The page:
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In past LAWPRO Magazine articles we have highlighted malpractice insurance issues in other countries around the world. In this issue we provide an overview of the recent experiences in England, Wales and Ireland, where a transition from mandatory programs to the open commercial market occurred.


In the 1990s, the Solicitors Indemnity Fund (“SIF”), the captive insurer for lawyers in England and Wales, was experiencing significant debt. In response, it doubled its premiums for many lawyers and applied special levies. This prompted calls to open the mandatory insurance to the commercial market, and ultimately a decision was made to do this. There were many commercial insurers offering legal professional liability insurance at that time and many firms that purchased insurance from carriers other than the SIF were able to negotiate better premiums and deductible options. In 2000, the SIF was abolished and all firms were left to buy insurance in the commercial market.

Over the next several years, the largest law firms had no difficulty obtaining insurance coverage. However, lawyers in higher risk firms, in particular small firms and/or conveyancing firms, began to find it difficult to obtain affordable, or at times any, insurance from regulated insurers. Many turned to unrated insurers who were unregulated by their domestic government insurance supervisor.

On top of this, Europe’s economy shrank and there was an increase in claims. The competition within the commercial professional indemnity insurance market grew increasingly fierce and many insurers did not charge premiums sufficient to cover the cost of claims, which in turn meant that further premium increases were required, especially for smaller firms. As a result, through the late 2000s, firms in England, Wales and Ireland saw wildly fluctuating availability and premiums for lawyers’ professional indemnity.

The current situation

In the spring of 2010, UK bar associations warned their members that the fall insurance renewal deadline was expected to be “difficult.” As many lawyers already knew from their dealings with insurers over the previous year, this warning would turn out to be a colossal understatement. Lack of access to affordable professional indemnity insurance for the 2009/2010 and 2010/2011 insurance years forced dozens of law firms in England, Ireland and Wales to shut their doors.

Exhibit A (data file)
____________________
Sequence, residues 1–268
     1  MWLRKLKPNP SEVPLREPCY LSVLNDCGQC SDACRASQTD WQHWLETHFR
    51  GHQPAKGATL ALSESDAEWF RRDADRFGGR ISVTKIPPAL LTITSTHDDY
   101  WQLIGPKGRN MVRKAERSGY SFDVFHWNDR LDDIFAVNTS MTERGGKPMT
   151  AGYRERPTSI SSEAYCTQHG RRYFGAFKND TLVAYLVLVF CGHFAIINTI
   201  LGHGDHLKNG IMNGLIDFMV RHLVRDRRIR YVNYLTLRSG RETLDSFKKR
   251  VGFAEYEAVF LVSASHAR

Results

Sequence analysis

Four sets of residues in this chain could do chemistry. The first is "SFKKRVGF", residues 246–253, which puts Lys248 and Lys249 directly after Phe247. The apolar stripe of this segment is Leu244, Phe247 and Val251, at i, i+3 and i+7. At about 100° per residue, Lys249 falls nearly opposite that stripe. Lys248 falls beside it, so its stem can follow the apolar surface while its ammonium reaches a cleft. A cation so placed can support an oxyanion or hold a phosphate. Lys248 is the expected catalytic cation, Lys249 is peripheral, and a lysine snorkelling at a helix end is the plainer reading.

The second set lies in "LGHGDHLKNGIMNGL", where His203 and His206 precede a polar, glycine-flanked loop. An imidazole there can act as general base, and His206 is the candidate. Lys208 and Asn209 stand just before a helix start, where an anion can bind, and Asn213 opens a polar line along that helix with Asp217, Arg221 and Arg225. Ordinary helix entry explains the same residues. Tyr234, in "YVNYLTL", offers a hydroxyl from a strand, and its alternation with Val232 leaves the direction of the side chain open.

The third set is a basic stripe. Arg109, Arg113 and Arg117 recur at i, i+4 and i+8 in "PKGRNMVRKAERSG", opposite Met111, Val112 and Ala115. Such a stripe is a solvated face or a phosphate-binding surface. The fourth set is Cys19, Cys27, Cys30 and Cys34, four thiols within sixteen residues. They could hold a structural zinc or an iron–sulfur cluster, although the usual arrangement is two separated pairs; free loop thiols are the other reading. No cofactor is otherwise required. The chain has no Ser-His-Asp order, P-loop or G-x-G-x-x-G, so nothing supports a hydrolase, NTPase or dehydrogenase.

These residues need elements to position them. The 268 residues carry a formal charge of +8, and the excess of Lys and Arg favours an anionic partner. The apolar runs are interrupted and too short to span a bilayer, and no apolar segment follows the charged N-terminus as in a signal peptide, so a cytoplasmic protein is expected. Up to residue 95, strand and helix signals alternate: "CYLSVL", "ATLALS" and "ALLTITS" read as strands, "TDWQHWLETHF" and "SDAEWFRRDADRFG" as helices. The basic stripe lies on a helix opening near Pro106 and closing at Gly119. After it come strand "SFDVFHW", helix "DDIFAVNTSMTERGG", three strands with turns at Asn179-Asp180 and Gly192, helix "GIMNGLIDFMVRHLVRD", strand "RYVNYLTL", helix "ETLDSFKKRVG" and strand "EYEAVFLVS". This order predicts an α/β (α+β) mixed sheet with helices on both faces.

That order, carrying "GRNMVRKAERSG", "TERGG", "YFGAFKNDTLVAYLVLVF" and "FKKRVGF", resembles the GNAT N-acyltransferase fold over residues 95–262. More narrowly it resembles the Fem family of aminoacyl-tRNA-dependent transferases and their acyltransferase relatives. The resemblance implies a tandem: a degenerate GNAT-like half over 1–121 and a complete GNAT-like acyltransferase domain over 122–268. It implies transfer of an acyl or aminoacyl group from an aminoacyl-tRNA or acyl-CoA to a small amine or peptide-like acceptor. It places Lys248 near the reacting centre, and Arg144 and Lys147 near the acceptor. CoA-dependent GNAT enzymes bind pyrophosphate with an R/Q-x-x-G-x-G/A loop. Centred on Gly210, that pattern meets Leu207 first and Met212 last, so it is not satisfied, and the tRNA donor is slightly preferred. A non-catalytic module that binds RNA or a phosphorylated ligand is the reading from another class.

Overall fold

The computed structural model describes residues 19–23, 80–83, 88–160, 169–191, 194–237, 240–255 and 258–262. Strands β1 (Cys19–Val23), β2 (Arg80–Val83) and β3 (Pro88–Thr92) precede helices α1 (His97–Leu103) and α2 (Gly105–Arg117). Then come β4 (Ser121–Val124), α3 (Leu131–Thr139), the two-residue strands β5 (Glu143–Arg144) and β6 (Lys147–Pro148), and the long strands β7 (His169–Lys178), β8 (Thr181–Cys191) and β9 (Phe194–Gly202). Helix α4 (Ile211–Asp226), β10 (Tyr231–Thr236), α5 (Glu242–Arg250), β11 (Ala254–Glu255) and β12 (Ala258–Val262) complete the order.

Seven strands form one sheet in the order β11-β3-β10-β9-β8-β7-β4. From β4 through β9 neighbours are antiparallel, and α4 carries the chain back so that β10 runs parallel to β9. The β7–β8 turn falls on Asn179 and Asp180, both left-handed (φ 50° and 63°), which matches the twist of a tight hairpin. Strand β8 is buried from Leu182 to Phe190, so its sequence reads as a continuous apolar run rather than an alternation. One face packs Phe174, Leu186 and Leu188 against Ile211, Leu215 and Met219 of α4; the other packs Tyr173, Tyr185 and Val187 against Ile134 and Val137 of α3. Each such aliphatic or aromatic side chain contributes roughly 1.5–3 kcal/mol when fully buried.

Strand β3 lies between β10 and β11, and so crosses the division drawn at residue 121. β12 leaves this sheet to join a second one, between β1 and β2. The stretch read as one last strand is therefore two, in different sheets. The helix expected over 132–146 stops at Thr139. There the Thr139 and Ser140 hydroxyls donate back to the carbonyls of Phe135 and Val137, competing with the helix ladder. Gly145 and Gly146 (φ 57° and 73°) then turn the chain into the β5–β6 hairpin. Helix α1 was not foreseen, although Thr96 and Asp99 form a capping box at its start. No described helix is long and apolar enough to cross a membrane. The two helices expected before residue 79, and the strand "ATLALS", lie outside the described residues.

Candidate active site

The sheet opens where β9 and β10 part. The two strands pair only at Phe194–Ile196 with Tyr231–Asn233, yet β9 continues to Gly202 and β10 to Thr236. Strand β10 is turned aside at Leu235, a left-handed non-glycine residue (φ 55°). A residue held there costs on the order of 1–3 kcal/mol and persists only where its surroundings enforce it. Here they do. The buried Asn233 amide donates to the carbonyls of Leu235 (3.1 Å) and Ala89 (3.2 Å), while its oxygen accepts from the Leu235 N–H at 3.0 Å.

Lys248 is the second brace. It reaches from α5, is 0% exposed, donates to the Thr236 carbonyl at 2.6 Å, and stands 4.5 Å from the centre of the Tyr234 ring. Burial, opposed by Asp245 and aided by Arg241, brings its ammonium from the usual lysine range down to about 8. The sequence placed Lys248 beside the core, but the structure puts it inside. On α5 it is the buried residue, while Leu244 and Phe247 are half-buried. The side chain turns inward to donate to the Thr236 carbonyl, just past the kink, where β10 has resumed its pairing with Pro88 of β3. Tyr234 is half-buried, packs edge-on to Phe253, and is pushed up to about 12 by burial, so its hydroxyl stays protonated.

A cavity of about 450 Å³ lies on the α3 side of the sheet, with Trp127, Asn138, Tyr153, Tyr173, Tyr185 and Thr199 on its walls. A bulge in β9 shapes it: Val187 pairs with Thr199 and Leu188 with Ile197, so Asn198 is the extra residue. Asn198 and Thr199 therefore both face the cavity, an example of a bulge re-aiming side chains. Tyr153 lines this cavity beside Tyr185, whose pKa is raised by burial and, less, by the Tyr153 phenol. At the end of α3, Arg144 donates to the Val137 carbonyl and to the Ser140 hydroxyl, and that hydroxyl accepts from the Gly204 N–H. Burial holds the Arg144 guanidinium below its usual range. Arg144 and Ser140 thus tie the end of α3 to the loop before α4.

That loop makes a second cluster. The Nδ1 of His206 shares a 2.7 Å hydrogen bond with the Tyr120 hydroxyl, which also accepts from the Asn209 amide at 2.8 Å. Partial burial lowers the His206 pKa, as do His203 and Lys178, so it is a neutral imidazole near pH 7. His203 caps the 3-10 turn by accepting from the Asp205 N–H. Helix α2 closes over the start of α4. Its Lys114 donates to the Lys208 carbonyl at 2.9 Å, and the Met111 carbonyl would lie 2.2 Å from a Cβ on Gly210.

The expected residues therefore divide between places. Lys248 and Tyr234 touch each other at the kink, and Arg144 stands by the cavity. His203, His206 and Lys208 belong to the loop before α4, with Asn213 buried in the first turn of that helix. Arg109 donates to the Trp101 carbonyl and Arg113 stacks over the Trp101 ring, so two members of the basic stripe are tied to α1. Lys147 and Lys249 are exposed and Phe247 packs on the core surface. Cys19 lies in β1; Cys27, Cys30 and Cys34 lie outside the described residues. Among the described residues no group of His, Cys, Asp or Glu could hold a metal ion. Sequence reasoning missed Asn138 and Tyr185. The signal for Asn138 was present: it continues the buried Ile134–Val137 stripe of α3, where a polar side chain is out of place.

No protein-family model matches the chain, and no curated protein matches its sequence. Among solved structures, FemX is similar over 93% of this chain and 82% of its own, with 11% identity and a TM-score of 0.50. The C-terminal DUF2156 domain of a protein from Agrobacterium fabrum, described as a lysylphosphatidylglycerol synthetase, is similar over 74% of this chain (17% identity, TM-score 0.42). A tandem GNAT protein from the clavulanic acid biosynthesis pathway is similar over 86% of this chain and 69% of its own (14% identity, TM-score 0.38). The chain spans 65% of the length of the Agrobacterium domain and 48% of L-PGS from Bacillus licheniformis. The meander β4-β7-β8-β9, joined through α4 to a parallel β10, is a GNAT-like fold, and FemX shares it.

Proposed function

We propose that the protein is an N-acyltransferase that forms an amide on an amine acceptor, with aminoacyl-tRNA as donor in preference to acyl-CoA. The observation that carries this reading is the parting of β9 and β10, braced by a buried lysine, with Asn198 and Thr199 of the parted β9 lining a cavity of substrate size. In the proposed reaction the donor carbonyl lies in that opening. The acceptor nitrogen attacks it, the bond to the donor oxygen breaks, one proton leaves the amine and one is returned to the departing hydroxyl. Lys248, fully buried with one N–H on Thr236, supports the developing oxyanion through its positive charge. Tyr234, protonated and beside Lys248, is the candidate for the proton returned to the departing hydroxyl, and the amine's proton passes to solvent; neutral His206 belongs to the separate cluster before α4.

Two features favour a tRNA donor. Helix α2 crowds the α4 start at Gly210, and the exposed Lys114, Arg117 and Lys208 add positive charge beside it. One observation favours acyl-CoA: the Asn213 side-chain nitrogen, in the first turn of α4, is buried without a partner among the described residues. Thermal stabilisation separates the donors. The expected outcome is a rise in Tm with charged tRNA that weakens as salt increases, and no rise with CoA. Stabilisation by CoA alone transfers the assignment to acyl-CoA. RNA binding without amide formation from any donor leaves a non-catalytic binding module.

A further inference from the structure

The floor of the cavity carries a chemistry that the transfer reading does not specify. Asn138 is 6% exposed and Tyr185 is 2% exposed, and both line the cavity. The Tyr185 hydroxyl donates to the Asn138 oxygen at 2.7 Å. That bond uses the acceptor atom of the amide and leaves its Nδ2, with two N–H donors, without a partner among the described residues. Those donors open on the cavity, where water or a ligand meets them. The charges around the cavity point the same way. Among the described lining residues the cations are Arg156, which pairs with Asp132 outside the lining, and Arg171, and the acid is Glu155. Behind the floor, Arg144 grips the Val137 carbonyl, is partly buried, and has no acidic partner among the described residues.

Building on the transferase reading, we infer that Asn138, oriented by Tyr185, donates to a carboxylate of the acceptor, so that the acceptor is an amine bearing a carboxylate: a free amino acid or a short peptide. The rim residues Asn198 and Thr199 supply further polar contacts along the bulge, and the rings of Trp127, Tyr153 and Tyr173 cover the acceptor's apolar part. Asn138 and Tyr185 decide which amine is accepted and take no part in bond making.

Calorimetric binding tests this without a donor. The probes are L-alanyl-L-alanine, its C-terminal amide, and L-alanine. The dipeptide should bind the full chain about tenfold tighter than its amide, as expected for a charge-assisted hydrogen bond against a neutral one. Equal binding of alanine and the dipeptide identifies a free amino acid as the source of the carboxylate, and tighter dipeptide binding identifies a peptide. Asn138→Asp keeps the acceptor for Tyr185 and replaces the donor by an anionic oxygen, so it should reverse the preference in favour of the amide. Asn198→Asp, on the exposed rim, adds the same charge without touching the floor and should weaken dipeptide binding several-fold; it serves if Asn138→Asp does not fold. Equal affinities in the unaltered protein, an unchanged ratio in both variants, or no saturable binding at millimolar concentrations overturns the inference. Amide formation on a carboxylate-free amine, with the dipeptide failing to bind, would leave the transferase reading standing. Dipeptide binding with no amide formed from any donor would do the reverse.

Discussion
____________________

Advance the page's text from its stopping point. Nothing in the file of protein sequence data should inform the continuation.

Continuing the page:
By 2010 there were widespread calls for the legal regulator, the Solicitor’s Regulation Authority, to re-address insurance requirements for solicitors and work with the insurance sector in an effort to stem the rate increases. At the same time, the commercial carriers insuring lawyers began to run into significant financial difficulties because of the under-reserving and competitive pricing that had been taking place. This led some insurance companies to go into receivership, plans of administration or suspension, including the Solicitors Mutual Defence Fund, which was for most of its existence the largest insurer of Irish solicitors, and the Latvian insurer, Balva, which insured 1,300 law firms in England and Wales – roughly 9 per cent of the market. Some insurers voluntarily withdrew and the larger insurance companies, such as QBE®, Zurich®, and Chartis® (which together, in 2010, controlled 43 per cent of the market) withdrew from insuring, and stopped pursuing new business with, small firms. The reduced availability of insurance and increased premiums suddenly left many small firms out in the cold, unable to obtain the required annual professional indemnity insurance of £3 million.

The Law Society of England and Wales tried to address some of these problems by changing the mandatory “minimum terms and conditions” (or MTC) that insurers must abide by and also tried to reintroduce a master policy that would ensure all members of the bar were insured on equal terms (similar to the LAWPRO single policy which is issued to the Law Society of Upper Canada and insures individual lawyer-licensees and qualifying non-lawyer partners, as specified in its terms). However, the commercial insurers pushed back on these initiatives, sometimes for sound commercial reasons.